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Barrister career path

updated on 04 September 2019

Here is the process of how to become a barrister, from studying, to pupillage, to qualifying. Your own journey might differ slightly if you take a break from studying or study part time, so make sure take into account closing dates for the Bar Professional Training Course (BPTC) and pupillage applications.

First-year law and second-year non-law students

Winter holiday and spring term

The key to this year is thinking ahead. Focus on getting top grades, do your homework on the Bar and get involved in activities that will build up your skills and look good on your CV (eg, joining your student law society and getting involved in its activities, Duke of Edinburgh awards, debating/mooting, writing for the campus newspaper or playing for a sports team).  

Research and apply for work experience (be it a mini-pupillage or a non-formal placement) in chambers for your summer holiday. Try to arrange a few stints in different chambers to get an overview of the various work areas. For an alternative way to pick up much-needed experience, see our “Pro bono initiatives” section. Remember that without work experience, any application for pupillage is unlikely to be taken seriously. Work experience will not only give you a stronger CV, but should also help you to decide whether the Bar really is for you.

Join one of the four Inns of Court, which are non-academic societies that provide activities and support for barristers and student barristers. You must join an Inn before 31 May of the year you enrol on the BPTC, but it is a case of the earlier, the better in terms of getting involved with the activities or using the facilities (eg, library and common rooms).

Second-year law and final-year non-law students

Autumn term, winter holidays and spring term
Attend relevant careers events, including careers fairs, presentations and talks and pupillage fairs). Look into funding possibilities for postgraduate training (eg, local education authority grants and inn scholarships). Keep applying for mini-pupillages – you want to have completed a few of these by the time you apply for a real pupillage.

Non-law degree students will need to apply for the conversion course, known as the Graduate Diploma in Law (GDL). If you intend to study full time, you should apply through the Central Applications Board ( from September onwards in your final year at university. There is not a closing date for applications; rather, applications are dealt with as they are submitted and institutions are notified weekly of new submissions. Applications for part-time courses must be made directly to the provider.

Summer holidays
Find out about pupillage applications. Look at the different BPTC providers and check their application details. Gain some further work experience.

Final-year law and GDL students

Autumn term 
Hot on the heels of your mini-pupillages, start making applications for pupillage. Finalise your funding options and be clear about closing dates for funding applications. For more on funding, see "Barrister finances".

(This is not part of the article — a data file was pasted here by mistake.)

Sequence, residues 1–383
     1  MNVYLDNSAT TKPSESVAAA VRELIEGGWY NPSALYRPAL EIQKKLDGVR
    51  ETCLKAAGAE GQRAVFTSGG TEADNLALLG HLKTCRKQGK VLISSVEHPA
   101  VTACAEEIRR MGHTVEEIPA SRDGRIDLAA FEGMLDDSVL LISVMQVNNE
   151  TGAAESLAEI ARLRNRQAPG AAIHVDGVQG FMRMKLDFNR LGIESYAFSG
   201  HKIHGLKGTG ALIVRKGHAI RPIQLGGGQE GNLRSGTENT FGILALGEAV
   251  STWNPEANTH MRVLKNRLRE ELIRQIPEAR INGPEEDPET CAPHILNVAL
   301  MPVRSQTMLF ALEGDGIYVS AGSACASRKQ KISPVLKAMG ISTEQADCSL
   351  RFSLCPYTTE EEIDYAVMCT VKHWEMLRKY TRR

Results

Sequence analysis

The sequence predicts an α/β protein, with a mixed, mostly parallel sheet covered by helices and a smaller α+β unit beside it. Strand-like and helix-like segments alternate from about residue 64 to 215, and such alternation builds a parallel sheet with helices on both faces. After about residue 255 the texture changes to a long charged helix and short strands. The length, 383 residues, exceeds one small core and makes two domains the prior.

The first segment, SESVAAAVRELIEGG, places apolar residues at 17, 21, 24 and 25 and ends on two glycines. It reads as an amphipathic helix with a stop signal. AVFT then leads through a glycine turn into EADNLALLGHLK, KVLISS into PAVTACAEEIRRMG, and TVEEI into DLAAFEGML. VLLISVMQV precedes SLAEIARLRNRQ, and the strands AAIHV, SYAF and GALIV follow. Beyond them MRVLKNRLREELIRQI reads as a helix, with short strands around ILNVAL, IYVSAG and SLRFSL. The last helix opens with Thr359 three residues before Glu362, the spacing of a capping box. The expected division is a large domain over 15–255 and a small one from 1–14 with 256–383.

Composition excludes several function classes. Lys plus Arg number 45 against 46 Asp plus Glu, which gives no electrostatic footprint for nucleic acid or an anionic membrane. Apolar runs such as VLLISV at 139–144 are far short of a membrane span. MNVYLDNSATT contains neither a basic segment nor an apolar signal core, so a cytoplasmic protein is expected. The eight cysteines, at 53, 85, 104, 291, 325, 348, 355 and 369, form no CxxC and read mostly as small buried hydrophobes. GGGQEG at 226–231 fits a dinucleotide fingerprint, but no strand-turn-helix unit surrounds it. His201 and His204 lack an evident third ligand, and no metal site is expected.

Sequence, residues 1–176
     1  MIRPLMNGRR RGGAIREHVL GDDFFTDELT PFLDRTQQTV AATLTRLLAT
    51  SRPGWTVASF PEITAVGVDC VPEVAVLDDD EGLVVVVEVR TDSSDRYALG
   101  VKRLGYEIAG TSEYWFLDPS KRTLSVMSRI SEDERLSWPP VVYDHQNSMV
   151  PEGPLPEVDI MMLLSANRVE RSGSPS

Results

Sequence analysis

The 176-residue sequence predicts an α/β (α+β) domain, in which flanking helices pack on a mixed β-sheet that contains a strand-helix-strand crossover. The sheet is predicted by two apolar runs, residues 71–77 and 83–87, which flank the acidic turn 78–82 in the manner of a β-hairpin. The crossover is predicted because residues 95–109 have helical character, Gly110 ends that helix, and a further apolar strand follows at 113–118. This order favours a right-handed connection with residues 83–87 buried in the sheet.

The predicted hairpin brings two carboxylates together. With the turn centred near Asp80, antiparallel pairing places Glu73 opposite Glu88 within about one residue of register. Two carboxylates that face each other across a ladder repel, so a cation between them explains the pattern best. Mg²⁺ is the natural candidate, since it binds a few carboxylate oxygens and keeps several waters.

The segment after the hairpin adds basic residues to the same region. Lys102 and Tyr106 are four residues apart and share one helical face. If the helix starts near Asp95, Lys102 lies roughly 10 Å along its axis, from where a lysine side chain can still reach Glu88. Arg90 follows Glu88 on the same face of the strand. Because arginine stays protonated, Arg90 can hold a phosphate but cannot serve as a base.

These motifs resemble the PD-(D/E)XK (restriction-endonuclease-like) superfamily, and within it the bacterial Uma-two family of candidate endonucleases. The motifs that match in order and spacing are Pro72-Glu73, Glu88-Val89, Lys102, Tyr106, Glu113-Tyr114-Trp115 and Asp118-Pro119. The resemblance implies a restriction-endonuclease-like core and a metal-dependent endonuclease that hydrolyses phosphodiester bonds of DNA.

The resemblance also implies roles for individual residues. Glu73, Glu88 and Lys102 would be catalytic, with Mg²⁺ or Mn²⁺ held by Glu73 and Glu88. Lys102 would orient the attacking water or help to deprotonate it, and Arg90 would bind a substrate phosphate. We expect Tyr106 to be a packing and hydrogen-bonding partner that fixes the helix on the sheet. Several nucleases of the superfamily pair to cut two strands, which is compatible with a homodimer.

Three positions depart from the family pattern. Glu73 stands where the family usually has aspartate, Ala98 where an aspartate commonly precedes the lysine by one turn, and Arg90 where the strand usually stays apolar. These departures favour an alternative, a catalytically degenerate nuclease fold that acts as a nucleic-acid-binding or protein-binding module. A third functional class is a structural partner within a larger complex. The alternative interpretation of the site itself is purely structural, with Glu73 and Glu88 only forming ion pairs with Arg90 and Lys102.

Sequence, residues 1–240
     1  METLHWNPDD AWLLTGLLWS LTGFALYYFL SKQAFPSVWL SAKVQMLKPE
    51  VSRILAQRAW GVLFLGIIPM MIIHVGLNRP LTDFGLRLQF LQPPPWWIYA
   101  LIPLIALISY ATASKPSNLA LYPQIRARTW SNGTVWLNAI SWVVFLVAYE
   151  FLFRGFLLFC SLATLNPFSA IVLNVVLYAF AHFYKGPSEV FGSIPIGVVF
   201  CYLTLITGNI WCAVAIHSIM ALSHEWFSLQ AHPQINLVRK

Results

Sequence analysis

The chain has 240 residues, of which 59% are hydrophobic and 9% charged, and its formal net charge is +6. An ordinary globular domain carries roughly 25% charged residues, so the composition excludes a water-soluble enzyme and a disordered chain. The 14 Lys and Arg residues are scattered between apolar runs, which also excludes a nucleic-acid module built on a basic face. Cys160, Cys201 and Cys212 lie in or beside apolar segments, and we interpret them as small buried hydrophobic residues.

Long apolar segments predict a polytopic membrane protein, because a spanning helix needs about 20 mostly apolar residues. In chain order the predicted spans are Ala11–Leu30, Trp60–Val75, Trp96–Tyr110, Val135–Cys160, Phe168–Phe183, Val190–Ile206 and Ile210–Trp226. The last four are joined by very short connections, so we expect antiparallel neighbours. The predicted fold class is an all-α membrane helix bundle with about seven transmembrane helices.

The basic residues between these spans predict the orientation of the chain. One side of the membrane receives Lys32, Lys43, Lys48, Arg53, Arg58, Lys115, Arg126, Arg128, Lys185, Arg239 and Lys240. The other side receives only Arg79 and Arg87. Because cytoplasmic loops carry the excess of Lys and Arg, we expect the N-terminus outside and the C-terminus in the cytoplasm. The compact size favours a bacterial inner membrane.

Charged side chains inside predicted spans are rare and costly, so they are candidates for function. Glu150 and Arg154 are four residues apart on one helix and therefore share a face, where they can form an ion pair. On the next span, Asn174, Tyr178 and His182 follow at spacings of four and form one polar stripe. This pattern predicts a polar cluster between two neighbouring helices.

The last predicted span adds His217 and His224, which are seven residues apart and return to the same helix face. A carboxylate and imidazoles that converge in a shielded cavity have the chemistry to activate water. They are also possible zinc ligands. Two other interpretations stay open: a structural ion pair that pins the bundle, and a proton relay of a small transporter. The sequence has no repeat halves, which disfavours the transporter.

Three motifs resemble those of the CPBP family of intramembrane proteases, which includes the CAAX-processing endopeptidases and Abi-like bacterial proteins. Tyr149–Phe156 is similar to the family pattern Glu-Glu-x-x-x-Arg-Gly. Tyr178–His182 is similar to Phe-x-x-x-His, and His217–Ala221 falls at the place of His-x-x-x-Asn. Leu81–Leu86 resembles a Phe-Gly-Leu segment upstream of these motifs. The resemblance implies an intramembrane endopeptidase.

The centralised BPTC application system usually opens in November and closes in January. After offers have been made and accepted or rejected, a clearance round opens in April and closes in August. You can check the dates and apply at

Spring term
Attend pupillage fairs, including the National Pupillage Fair, which is usually held in late November. 

Applications for pupillage are made through the centralised site, the Pupillage Gateway (which replaces the Pupillage Portal and is the system formerly known as OLPAS). Most chambers are members of the centralised gateway system, but some are not. Nevertheless, available pupillages at both types of chambers are listed on the system, but non-members will have varying deadlines and methods of application, and you will have to check their individual websites for details.  

The Pupillage Gateway opens for applications every January, with applications closing a month later. However, candidates can log in to the Gateway to browse vacancies and start preparing their applications from late November.

As a rule of thumb, you should apply for pupillage at least a year before you wish to start (ie, in January 2020 for a pupillage beginning in September 2021). You can apply to up to 12 member chambers (but as many non-member chambers as you like). For more information on when to apply, see Pupillage deadlines.

Summer term
Pupillage offers via the centralised system will be made during May (the next date being 7 May 2019). If necessary, obtain a certificate for completion of the academic stage of legal training from the BSB.


If you were unsuccessful in your pupillage applications last year, apply again this year in the same way as above.

Once you have successfully completed the BPTC, you will have to undertake 12 qualifying sessions (previously known as 'dining') before being called to the Bar by your Inn.


Pupillage is one year spent in an authorised training organisation (either a barristers' chambers or another approved legal environment), usually split into two six-month periods referred to as 'sixes'.

First six
Without practising, you will observe and assist your pupil supervisor and other barristers in chambers. The intention is that you share your supervisor’s daily professional life. 

Second six
During these six months you will be entitled to supply legal services and exercise rights of audience as a barrister. You may have cases and your own clients, who you will represent in court. This is when you start to build up your reputation as a barrister. 

At the end of the second six, you must submit a certificate to the BSB certifying that the second six has been satisfactorily completed. Provided that certain training conditions are met, you will be granted a full qualification certificate. Congratulations – you are a barrister!